Mar 19, 2016

Unboxing the Philippine General Hospital Charity Ward, Part II: The OB-Gyn Ward (Ward 14B)

(Source: Ramiltibayan - Own work,
CC BY-SA 4.0)
This is the second part of a series of articles that chronicle my experiences at the Philippine General Hospital (PGH) obstetric, neonatal ICU, and pediatric charity wards. 

On September 30, 2015, the twenty-ninth week of my pregnancy, I went into preterm labor. My OB-gyn advised me that if my baby was alive at birth, he would likely need to stay at the neonatal intensive care unit (NICU) for a month or two.

My husband and I were financially prepared for childbirth but not for a month's stay in the NICU. That's how we ended up at the PGH charity ward.

Part I is about the OB admitting section and delivery room.

Ward 14B

From the delivery room, I was brought to Ward 14B.

It was a big, clean, attractive, airy, high-ceilinged room. There was no air conditioning, but the ceiling fans were usually enough to keep the room comfortable. Patients were also allowed to bring their own electric fan, for a P25 fee.

Compared to the OBAS, Ward 14B was heaven. My husband was allowed to stay beside me, so I could tell him directly what I needed instead of playing pass the message with the nurse and the security guard. But best of all, the beds had mattresses! 

Oh, how I almost kissed those four-inch-thick mattresses. The unforgiving OBAS beds had so numbed my poor backside that when I got to Ward 14B, I could no longer feel my buttocks and inner thighs.

(Not everyone stays so long at the OBAS. But when your case is premature labor, they try to delay childbirth as long as possible to give your baby a better chance of survival. So I stayed at the OBAS for nearly 48 hours.)

At Ward 14B, the patients were allowed to have one companion stay beside the bed all the time. But make no mistake, the companion may not sit on the patient's bed or even on a vacant bed. A chair was provided for them beside the bed.

Come nighttime, the companions would lay cartons or thin mattresses on the floor beside or beneath their patient's bed, and that's where they would sleep.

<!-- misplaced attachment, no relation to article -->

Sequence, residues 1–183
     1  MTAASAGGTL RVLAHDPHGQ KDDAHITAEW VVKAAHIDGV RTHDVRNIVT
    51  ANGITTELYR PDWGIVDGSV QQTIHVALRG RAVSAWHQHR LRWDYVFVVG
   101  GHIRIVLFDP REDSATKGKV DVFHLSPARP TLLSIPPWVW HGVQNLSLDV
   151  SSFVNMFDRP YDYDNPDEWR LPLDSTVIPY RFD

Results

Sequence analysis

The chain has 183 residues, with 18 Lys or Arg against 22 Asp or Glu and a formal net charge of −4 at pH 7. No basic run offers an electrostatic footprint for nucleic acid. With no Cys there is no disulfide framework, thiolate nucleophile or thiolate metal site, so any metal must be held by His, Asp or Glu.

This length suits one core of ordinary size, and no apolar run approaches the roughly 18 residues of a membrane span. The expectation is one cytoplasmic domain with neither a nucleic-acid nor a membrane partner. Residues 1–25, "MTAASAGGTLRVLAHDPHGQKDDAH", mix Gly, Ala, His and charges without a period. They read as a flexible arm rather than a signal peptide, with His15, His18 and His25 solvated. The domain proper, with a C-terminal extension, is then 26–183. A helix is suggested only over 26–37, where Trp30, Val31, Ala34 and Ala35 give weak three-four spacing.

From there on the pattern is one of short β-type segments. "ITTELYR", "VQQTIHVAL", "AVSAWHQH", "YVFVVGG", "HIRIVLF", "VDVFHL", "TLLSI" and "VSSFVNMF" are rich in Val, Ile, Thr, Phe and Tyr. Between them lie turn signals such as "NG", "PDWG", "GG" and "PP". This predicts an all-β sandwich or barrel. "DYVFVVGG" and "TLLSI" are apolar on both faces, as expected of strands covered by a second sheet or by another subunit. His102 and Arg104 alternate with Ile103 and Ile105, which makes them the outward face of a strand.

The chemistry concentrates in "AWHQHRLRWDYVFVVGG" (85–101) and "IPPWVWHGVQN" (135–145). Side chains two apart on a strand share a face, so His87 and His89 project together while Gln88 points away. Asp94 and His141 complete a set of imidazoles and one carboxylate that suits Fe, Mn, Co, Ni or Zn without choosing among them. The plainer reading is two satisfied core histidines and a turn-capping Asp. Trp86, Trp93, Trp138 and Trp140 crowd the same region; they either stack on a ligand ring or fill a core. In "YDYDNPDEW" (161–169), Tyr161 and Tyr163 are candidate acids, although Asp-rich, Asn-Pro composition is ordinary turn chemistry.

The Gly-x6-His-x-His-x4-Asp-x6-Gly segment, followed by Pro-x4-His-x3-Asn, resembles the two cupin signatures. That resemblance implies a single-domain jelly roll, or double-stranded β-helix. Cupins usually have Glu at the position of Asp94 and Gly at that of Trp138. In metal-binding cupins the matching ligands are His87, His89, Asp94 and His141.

At 6 a.m., a nurse would walk along the halls clanging a bell, signaling the companions to wake up and put their "beds" away. 

At 7 a.m., the breakfast cart would arrive.

At 8 or 9 a.m., the nurse would call out to the parents to line up their babies. Then the nurse would give the babies a bath. 

The lunch cart comes at 12. Then the dinner cart at 5 or 6 p.m. The man delivering food also sold juice in tetrapacks and coffee and Milo powder in sachets.

I ate pretty well. I've been to several hospitals in my life, including that hotel-like one in Ortigas Ave., but the PGH hospital food is the best tasting I've ever had!

Overall, it was a very comfortable place. In fact, the obstetric wards are, without question, absolutely the most pleasant wards in all of PGH because there is no sickness here, only recuperating mothers and their adorable babies.

There was a lactation room for mothers who wanted to pump milk. Since my baby was a preemie who couldn't suck yet, I used that room a lot. There was never a queue to deal with. Most mothers had their babies with them, and they fed directly from their mother's breasts.

The Bathroom

The main ward was like heaven, but the ward's bathroom was like hell.

To this day, I have nothing but spitting contempt for the maintenance team of that bathroom. They could never blame the patients for the pathetic condition of those bathrooms, because the patients actually cleaned up too, as much as they could.

Charity ward or not, you should never expect patients to clean up the bathroom.